Academy of Robotics and Eurovia UK have announced plans for a national partnership to trial the use of Kar-go autonomous delivery vehicles to support urban and rural highway management projects and to accelerate their ‘training’ to navigate on unmarked roads in the UK.
Academy of Robotics is the startup that has developed Kar-go, Europe’s first road-based autonomous delivery vehicle. Originally created to dramatically reduce both the financial and environmental costs of last-mile parcel delivery, Eurovia UK recognised its potential for use in infrastructure and urban development work, and is keen to test the Kar-go technology to automate the delivery of small plant equipment, tools, materials and other components to and from a highway work site, as well as the potential use of data collected by Kar-go to determine the condition of roads. Part of Vinci, the French concessions and construction group, Eurovia UK is a leading specialist in operating, maintaining and improving road, highway and public realm infrastructure. The trial will initially focus on the UK, but as a global business operating in 15 countries, the deal offers significant potential for international expansion in Europe and North America.
The company will help Academy of Robotics to scale their training of autonomous vehicles by accessing digital camera data gathered by Eurovia’s fleet in the UK, which covers over 31,000 miles (50,000km) of roads. Through its unique approach to colour perception, Academy of Robotics has been able to address the challenge of environmental variability and ‘noise’ caused by shadows and bright reflections, meaning that Kar-go’s operating system is already able to understand the difference between road features such as cracks, puddles, potholes and shadows.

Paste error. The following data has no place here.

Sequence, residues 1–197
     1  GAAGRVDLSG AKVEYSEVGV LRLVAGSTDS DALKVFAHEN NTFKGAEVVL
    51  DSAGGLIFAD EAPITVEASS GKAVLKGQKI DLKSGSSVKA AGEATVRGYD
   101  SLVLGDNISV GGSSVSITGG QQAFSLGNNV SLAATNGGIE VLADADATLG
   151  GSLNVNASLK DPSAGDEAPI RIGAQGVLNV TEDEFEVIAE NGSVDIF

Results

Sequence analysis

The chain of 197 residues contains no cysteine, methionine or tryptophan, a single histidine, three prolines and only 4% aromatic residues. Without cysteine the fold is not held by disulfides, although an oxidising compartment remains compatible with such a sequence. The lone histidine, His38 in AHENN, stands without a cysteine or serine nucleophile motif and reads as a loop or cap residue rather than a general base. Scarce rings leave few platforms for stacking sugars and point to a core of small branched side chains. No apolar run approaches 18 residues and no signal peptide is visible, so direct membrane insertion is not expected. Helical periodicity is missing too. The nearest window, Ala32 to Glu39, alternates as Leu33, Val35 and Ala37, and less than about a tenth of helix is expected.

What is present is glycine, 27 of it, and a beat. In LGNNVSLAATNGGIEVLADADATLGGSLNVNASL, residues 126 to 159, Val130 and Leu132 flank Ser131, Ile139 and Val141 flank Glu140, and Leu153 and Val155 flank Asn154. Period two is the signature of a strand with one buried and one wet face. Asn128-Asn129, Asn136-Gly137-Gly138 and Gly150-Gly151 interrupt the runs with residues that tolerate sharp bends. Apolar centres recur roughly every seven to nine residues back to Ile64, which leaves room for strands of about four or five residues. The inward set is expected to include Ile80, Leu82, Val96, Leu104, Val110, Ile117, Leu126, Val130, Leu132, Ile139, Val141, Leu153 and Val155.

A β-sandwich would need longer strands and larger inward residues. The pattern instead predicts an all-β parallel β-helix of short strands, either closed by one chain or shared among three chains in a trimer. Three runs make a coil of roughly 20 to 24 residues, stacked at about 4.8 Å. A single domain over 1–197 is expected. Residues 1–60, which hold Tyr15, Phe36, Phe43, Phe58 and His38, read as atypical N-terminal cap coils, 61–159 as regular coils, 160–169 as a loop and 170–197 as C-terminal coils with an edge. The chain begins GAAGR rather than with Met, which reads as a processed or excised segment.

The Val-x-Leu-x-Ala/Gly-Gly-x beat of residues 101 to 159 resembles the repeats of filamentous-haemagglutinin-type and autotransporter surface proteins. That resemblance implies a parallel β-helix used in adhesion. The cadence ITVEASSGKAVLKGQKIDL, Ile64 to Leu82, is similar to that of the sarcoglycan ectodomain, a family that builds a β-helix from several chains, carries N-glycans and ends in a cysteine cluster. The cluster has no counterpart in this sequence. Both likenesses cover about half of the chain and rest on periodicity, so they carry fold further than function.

The technology the Academy has developed is able to detect not only the potential hazards in the vehicle’s path, such as the edge of a road in snowy conditions, but also the likely causes of deterioration on road surfaces. Reflecting Eurovia UK’s commitment to improving road surface conditions, the collaboration will ultimately offer a proactive, ‘smart’ approach to detection of both highway defects and hazard prevention.
“To date, most autonomous vehicle training and testing has taken place on well-marked roads or specially designated test centres, but these areas rarely reflect the unpredictable elements in real-world conditions,” noted William Sachiti, CEO and co-founder of Academy of Robotics. “The AI can process the data at immense speeds, so one of the biggest challenges holding back this technology is the ability to get hold of enough data on diverse conditions to train vehicles at scale. This partnership and the access to the vast dataset of different road conditions it provides, together with the increased investment we have coming from our latest funding round, will ensure we can test and train our technology on UK roads at an unparalleled scale and pace.”
Eurovia UK’s chief executive, Scott Wardrop, commented, “We were impressed by the sophistication of the technology developed by Academy of Robotics. We have reviewed a number of autonomous vehicle solutions, but a critical component for us in developing this partnership was the technology’s ability to manage the complexity of recognising different road surfaces and their absolute commitment to sustainable innovation.”